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How I approach investing
Learning from some of the best minds in business (Part 1 of 3)
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How I approach investing
Nothing has been more harmful to my investing performance than the combination of the efficient market hypothesis and the concept of investing based on price to earnings or price to book multiples.
It is pretty easy to see why. It seems very different business models actually deserve very different valuations. While I didn’t do poorly by being in index funds and ETFs I missed out on some obvious trends because it didn’t fit into my mental models. One of the most destructive was the tendency to avoid companies due to price to earnings multiples. These valuation mental models are heavily skewed towards a time when public businesses were largely homogeneous and lacked competitive advantages. When factories adopted new processes and technologies others quickly did the same. Excess profits were quickly competed away so the best way to ensure profits when investing as I understand it was to buy into companies as far below their net asset value as possible. That isn’t to say classic value concepts are broken (although they are certainly out of style right now), but these new models of thinking appear to be working much better for me right now. Could it be short lived? Could we be in a bubble in quality and growth? Certainly. It wouldn’t be the first time either. However I seem to have both more resolve and success with these lines of thinking than my attempts at value and factor investing.
Over time I find myself revisiting these concepts and applying these mental models again and again. With these reality filters once you see it, you can’t unsee it.
What are my new mental models?
Investing in value and struggling businesses is a bit like buying a melting ice cube for less than its currently worth, while investing in quality and growth assets is like investing in a snowball rolling down a hill. Both approaches have merit, unique and differing risks, and likely require different temperaments to be successful.
When looking at the above before even thinking about valuation one must think about what makes a good company. What are the best companies? How does one distinguish between mediocre and great? It turns out very few meet the bar. Many snow balls and hills may turn out to smaller than we expected, or worse end up being melting ice cubes.
When looking for the biggest compounders of capital one must first eliminate most companies which don’t compound their capital at rates higher than their cost of capital. To understand the prerequisite circumstances for when this happens I’ve learned from several people who have had immense success as entrepreneurs and investors in these types of businesses and somehow found the time to share their knowledge with us plebeians.
To share these mental models I will first walk you through 3 videos that are more valuable than my entire university economics education was regarding equity investing. While I also cover, summarize, and elaborate on the contents of the videos I do recommend watching each.
Competition is for Losers with Peter Thiel (How to Start a Startup 2014: 5)
Riches in Niches
It is much better to own and then grow with a niche than to try to enter a large existing market. It is always better to be the biggest fish in a small pond.
Start small and monopolize, it is easier to dominate a small market than a large one. If you think your initial market is too big, it is.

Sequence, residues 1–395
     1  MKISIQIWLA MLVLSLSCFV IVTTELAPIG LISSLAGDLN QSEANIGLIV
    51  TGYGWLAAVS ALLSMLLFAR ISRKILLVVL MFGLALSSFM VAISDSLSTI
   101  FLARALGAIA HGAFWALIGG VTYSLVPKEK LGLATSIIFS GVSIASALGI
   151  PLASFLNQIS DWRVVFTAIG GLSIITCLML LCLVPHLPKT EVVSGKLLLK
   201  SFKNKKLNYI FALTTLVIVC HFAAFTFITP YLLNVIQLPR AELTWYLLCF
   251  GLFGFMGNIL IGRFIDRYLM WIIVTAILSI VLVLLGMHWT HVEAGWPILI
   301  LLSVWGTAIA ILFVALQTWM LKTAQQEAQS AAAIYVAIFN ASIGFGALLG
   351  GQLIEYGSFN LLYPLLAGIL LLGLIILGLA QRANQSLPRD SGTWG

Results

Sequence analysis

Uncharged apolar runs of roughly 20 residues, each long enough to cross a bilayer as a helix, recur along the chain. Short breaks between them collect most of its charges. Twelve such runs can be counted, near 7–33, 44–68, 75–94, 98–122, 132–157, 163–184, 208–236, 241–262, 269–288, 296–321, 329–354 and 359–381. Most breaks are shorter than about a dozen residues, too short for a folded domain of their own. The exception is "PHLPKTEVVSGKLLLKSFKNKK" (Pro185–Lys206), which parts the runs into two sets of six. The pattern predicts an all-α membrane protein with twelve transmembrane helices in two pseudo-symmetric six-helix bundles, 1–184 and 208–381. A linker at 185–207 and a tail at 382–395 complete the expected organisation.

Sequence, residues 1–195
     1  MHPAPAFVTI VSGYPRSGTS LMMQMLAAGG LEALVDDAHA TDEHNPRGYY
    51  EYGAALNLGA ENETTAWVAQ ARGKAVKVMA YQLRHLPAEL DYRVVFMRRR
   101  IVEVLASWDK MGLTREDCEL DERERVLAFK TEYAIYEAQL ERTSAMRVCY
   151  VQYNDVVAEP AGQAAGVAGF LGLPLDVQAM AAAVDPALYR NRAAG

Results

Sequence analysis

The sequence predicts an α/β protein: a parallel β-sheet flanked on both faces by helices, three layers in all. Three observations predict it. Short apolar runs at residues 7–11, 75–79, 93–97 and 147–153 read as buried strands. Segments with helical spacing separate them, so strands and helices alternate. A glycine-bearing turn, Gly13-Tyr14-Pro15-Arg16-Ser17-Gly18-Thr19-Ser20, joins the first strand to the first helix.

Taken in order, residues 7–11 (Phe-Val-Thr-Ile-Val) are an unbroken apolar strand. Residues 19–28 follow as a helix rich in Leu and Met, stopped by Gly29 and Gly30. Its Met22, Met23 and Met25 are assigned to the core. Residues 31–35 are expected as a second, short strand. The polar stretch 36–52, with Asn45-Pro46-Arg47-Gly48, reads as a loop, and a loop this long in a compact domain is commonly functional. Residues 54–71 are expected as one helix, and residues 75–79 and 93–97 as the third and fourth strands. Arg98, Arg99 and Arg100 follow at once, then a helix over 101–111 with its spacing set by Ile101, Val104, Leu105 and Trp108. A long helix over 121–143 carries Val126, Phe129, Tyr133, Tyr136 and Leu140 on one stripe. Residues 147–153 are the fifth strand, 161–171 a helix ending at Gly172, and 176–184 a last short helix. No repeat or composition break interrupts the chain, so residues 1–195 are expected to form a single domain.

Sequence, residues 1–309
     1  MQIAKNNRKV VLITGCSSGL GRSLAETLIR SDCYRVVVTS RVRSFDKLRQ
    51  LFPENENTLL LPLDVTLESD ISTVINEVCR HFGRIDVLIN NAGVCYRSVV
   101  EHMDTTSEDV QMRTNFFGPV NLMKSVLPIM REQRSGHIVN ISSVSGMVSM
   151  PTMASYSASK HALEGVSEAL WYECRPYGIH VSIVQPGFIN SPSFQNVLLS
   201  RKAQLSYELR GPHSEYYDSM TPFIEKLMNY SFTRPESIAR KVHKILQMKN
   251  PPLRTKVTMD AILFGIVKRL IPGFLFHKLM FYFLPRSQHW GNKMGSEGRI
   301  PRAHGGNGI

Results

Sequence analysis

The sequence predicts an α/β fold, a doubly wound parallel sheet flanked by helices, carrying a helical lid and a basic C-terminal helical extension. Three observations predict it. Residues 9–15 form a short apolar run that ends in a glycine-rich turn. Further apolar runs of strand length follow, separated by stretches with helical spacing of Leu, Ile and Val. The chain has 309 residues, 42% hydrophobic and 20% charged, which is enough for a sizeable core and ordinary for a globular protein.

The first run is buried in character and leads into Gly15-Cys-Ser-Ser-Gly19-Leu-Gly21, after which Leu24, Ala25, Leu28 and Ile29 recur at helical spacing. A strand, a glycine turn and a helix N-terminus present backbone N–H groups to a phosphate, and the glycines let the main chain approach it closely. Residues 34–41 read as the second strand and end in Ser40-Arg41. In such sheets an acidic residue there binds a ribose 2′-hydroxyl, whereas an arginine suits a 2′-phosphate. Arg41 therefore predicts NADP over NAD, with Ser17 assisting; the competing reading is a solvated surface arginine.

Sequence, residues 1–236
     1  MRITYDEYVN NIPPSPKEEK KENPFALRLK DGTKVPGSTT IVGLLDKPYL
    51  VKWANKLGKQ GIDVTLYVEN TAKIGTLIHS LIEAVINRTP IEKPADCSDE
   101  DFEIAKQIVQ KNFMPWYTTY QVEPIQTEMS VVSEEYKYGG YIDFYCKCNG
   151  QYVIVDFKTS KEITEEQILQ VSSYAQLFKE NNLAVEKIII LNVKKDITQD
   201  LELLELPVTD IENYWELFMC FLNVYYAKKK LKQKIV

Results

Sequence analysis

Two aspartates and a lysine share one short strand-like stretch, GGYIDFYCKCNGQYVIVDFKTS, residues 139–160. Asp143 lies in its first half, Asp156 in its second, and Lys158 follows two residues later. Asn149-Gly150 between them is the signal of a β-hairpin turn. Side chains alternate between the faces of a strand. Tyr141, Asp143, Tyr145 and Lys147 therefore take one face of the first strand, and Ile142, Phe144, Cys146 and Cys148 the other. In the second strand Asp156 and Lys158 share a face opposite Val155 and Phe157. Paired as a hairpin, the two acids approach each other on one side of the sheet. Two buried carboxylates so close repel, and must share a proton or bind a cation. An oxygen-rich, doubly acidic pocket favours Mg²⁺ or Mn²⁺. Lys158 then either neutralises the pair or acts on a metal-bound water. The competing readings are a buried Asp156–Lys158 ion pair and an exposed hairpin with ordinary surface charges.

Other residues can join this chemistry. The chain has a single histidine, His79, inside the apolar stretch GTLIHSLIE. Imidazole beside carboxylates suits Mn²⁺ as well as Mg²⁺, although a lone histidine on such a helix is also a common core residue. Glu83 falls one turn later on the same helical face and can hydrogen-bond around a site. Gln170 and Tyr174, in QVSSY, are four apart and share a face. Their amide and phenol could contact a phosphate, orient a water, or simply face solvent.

Almost all monopolists in Silicon Valley started with a small market and then expanded into adjacent markets.
Amazon started with books and moved up the value chain to general e-commerce, and now every imaginable physical and digital good, cloud services, etc.
Ebay started with collectible goods like beanie babies and expanded to all goods.
PayPal started with just eBay as their target market.
Facebook’s initial market was Harvard University.
Business schools typically discount the relevant initial markets for startups which appear so small that they have no value, but startups can build from these markets outward into ever larger markets.
If a company is starting with a massive market (all of energy for clean tech) presenting their potential market as hundreds of billions or trillions is a red flag. You want to be a one of a kind company in a small ecosystem, not the 10th thin solar panel company, or the 100th restaurant in Palo Alto.
As a business it's good to go after markets that seem so small they don’t make sense then scale from domination in that small market outward.
The history of technology is such that each great opportunity happens only once, the next Bill Gates won’t start an operating system company, the next Mark Zuckerberg won’t start a social media company.
All unhappy companies are alike: they failed to escape the plague of competition.
If iterating on an existing concept your product must be an order of magnitude better than the existing product or it will be hard to convince people to adopt it.
This is not the monopoly you’re looking for.
Monopolists pretend to have competitors, while non-monopolies pretend not to.
Non-monopolies will try to emphasize their competitive advantage often when none exists, for example presenting their restaurant as the only British restaurant in San Francisco, which isn’t actually a monopoly as any restaurant is a substitute.
True monopolies will emphasize their revenue streams are a small total percentage of many combined markets, like all of advertising not just search or digital advertising. Amazon has broken out its market share in the US as a percentage of commerce, not a percentage of e-commerce when discussing with regulators.
This example with Google is particularly interesting as America re-examines antitrust actions against big tech. Google owns almost the entire search market and has purchased many digital advertising giants outside of search over time, so the below is very out dated.